The sound of the John Scott Band bears an uncanny resemblance to the music of Stevie Ray Vaughan. It's not just because their style of blues entices you to dance rather than flounder in self-pity and drown your sorrows -- it's because if you heard the band while blindfolded, you'd wonder if you were experiencing a divine visitation from the deceased performer.
"I have a little connection with him (Vaughan)," Scott said. "I think it's because I learned to play listening to his teachers, his mentors like Albert King, and this is before I had ever heard Stevie."
Scott's parents had a deep appreciation for music. His mother, folk and country, and his father, blues and rock. By age 8, he was playing guitar to the records his parents had given him.
In 1980, Scott moved to Phoenix and began playing with talents like Hans Olsen and Joey McCall. Scott has also been a studio guitarist on projects such as Blues Today, Vol. 2 and David Lewis.
The John Scott Band is comprised of lead vocalist and guitarist, John Scott, bass player and backup vocalist, Desi Walker and drummer, Tony Menegon.
The band performs an eclectic mix of blues not only consisting of several Vaughan cover tunes, but also songs by Jimi Hendricks, Ben Harper, and even some originals.
"A power trio playing rockin' blues is how I like to describe the band," Scott said.
Scott's wireless guitar allows him to mingle with the audience as he plays. At their previous show at the Buffalo Bar & Grill, he went back to the kitchen to entertain the cooks.
"When I get out there in the audience I just do whatever comes to me," Scott says. "I saw one of my buddies in the audience who plays guitar so I handed him my guitar to play -- then another guy tapped me on the shoulder and wanted to play."
Walker, the top hat-wearing bass player, is a native of Arizona and began playing professionally in a band called the Silver Sonics by the time he was in junior high school.
One highlight in his career was playing bass for LeeAnn Rymes at the Texas Motor Speedway and on the Disney Channel's "Live from Disney World."
Walker also played on TNT's tribute to the Rolling Stones in which he played lead and rhythm guitar for many different artists and was a contract musician for Capital Records.
"I met Desi when I first got up here," Scott said. "He was one of the first bass players who auditioned for me. I was blessed to find him. He is an accomplished player."
Menegon has studied under premier drummers such as Clive Huff and Don Moio in Phoenix, learning Latin and funk styles. After playing with such bands as the Silver Star Band, Endorphin and Code Blue, Menegon discovered that Scott's style of aggressive blues was just what he was looking for to reach a new level of playing and master a new style.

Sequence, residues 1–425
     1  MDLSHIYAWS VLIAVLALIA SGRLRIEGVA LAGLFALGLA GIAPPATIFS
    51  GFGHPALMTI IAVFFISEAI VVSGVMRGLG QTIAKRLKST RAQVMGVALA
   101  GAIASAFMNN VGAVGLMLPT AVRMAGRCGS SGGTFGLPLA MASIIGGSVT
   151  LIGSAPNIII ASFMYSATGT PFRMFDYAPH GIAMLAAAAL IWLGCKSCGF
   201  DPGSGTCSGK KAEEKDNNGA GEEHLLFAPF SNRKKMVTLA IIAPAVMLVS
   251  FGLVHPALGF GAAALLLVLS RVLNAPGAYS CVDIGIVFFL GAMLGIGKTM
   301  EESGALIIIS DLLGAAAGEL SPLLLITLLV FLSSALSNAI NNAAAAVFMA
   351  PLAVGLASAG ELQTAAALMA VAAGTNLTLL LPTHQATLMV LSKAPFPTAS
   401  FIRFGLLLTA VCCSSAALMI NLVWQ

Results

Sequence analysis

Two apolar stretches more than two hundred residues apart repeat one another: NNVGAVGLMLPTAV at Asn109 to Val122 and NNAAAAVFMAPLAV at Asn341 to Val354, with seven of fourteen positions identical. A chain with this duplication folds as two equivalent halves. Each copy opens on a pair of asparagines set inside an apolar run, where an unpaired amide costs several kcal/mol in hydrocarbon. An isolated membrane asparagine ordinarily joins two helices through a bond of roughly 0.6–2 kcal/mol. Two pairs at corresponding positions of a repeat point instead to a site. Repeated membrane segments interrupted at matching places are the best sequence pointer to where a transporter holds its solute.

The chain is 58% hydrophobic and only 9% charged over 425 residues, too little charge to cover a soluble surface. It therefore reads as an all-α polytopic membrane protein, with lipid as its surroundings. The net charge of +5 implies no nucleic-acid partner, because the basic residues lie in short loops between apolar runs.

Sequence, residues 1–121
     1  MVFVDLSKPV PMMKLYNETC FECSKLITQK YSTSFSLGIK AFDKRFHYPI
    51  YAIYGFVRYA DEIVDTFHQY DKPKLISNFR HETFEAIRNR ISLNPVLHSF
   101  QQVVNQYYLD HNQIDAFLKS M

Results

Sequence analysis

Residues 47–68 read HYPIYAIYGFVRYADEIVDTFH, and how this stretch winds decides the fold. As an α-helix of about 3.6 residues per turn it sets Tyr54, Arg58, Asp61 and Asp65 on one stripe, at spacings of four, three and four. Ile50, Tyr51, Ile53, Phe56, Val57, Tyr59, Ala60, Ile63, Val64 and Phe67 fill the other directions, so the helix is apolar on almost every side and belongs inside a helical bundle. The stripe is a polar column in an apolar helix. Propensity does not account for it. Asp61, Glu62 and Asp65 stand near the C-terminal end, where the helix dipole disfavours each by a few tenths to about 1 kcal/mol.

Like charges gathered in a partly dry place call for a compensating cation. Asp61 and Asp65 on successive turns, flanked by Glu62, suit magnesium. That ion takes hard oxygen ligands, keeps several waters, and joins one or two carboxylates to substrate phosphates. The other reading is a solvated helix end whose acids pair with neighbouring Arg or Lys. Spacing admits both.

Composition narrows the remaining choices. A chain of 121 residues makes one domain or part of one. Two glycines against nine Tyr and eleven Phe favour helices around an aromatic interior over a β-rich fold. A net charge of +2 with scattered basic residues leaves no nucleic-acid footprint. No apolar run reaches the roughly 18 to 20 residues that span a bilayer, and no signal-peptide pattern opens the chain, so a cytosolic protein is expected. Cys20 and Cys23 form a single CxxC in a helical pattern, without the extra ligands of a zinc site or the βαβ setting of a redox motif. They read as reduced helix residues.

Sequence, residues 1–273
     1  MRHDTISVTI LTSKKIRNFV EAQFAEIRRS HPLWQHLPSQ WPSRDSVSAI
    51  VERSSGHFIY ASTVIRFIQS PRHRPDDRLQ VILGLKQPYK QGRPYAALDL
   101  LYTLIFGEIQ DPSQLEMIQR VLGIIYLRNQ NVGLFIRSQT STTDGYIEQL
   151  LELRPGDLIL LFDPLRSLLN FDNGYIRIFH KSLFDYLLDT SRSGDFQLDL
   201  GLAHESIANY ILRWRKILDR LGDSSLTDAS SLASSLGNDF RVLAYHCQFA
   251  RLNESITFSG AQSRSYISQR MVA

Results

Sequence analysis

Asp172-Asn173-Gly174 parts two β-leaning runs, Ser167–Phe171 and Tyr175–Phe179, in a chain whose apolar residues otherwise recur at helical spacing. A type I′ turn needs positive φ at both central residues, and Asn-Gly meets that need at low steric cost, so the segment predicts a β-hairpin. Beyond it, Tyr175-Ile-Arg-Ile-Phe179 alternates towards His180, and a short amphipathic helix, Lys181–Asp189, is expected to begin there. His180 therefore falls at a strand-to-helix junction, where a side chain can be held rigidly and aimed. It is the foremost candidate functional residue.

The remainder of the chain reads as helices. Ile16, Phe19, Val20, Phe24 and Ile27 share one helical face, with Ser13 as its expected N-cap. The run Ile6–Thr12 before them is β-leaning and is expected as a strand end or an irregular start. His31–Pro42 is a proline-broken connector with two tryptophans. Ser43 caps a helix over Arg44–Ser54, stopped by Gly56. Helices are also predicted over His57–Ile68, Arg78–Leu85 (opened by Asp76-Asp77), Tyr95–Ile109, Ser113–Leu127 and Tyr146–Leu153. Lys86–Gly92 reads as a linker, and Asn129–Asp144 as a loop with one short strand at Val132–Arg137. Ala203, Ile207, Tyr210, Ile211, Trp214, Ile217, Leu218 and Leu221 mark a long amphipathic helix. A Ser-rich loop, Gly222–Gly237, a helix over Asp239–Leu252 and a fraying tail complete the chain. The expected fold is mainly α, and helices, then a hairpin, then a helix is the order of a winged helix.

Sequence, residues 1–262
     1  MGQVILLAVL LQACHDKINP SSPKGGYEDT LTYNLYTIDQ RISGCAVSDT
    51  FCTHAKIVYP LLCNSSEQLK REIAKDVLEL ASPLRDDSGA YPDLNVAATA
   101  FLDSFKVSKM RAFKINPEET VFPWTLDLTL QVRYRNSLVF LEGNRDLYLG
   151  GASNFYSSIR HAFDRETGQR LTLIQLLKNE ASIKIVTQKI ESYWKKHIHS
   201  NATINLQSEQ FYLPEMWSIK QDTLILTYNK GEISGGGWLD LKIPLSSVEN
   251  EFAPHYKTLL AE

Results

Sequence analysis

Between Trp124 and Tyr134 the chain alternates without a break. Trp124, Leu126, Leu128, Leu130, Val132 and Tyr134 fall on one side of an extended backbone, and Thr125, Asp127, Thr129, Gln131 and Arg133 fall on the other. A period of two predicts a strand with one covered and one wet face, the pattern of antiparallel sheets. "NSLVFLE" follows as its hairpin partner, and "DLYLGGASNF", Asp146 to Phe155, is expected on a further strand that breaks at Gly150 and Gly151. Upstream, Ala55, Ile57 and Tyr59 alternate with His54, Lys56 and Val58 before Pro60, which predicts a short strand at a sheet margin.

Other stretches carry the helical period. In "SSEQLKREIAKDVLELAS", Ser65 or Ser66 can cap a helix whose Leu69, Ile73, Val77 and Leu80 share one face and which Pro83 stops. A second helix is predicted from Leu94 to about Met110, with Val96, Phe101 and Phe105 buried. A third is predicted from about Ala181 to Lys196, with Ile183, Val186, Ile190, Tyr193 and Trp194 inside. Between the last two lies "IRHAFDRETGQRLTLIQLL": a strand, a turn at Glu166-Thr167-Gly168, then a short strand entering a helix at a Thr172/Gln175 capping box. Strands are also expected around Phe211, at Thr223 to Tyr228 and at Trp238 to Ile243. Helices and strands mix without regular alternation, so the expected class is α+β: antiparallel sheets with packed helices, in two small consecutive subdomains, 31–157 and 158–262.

"Tony's the best, man," Scott said of the latest addition to the John Scott Band. "He's well disciplined and he has a hunger to learn. I'm really glad I found him before someone else snagged him."
These musicians all have day jobs as well.
"We're moonlighters," Scott said, laughing.
Scott is known as "The Tub Guy" and repairs porcelain and fiberglass bathtubs, sinks and countertops. Walker is serving in the Orkin army, ridding homes of pest infestation. Menegon can be seen motoring along at 4 miles an hour with a line of cars behind him, in the town street sweeper. Yet, when the sun goes down, these working guys transform into a trio of skilled musicians.
Scott, the musical Tub Guy, is also a family man, married nearly 15 years to wife, Lori, and father of 21-month-old Jonathan.
"My wife is truly my inspiration in every sense of the word," Scott said. "She is the best."
Those interested in experiencing a performance of the John Scott Band can usually catch them two Fridays a month at the Buffalo Bar & Grill, 311 S. Beeline Highway.
Scott emphasizes how the Buffalo, formerly the German Cowboy, has changed since its new ownership.
"The atmosphere has completely changed," Scott said. "It's clean, the people are really nice and the food is awesome."
This Friday, Scott will be sharing the stage with blues legend Long John Hunter at the Buffalo Bar & Grill.
Scott met Hunter down in Phoenix and played with him at a gig on New Year's.
"I've played alongside some real blues guys, but this guy is the real deal," Scott said. "He's 70 years old and just funkier than funky -- he's all soul."
Friday, April 11, Hunter and Scott will be stopping by the KRIM (98.6) studio with John Carpino at 1 p.m. and then performing at the Buffalo Bar & Grill at 8 p.m.
Legendary blues artist performs this weekend
Legendary Chicago blues artist, Long John Hunter is coming to Payson to perform with local blues musician John Scott.
The Los Angeles Times called Hunter "one of the blues' best kept secrets ... a topnotch singer, guitarist and unbridled wildman performer -- a raw feral talent bursting with energy."
Living Blues called Hunter's "Ride With Me" "one of the year's finest blues releases." Hunter's 1996 release "Border Town Legend" was met with glowing reviews from the Chicago Tribune and many other national and regional publications. The Boston Herald said that "Hunter embodies Texas Blues in all its varied, roustabout glory like no one on the scene today."
Hunter, who prefers Phoenix winters to Chicago's, will be coming to Payson on Friday, April 11. He will be performing in the afternoon on KRIM (96.3) with John Carpino and beginning at 8 p.m. at the Buffalo Bar & Grill.